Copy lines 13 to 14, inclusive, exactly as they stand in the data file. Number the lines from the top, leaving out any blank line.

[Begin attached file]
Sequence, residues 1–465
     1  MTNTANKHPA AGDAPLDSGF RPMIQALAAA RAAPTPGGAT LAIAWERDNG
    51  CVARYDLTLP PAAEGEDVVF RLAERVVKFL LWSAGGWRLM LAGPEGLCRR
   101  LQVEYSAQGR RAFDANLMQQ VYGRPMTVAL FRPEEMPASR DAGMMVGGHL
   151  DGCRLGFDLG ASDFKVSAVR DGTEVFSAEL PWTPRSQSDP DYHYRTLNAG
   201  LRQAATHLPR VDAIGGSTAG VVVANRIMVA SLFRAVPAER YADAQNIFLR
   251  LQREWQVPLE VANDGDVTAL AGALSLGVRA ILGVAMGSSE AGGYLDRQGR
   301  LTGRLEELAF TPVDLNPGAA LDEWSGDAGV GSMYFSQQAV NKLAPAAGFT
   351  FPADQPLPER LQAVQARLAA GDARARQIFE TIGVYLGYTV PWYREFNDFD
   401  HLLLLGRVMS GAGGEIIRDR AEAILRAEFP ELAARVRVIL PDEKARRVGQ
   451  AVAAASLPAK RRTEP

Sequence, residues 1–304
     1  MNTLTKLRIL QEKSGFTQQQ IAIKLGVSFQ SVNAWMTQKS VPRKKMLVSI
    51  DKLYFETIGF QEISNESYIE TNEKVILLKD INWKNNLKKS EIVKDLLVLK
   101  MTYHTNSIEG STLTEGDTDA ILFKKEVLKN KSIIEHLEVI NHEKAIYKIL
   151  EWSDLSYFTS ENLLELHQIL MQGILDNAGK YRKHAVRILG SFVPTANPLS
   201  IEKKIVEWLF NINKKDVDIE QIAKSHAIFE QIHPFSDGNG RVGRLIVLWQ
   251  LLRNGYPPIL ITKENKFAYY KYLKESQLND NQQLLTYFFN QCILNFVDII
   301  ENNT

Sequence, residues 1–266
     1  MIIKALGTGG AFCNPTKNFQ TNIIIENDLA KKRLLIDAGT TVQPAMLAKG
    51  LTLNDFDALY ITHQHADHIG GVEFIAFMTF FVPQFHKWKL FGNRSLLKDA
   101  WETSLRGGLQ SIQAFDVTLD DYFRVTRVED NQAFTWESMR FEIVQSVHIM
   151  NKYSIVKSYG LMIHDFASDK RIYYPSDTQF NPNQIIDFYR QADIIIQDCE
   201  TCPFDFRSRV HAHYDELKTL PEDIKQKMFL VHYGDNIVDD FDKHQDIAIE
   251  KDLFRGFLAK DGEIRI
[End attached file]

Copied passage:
     1  MNTLTKLRIL QEKSGFTQQQ IAIKLGVSFQ SVNAWMTQKS VPRKKMLVSI
    51  DKLYFETIGF QEISNESYIE TNEKVILLKD INWKNNLKKS EIVKDLLVLK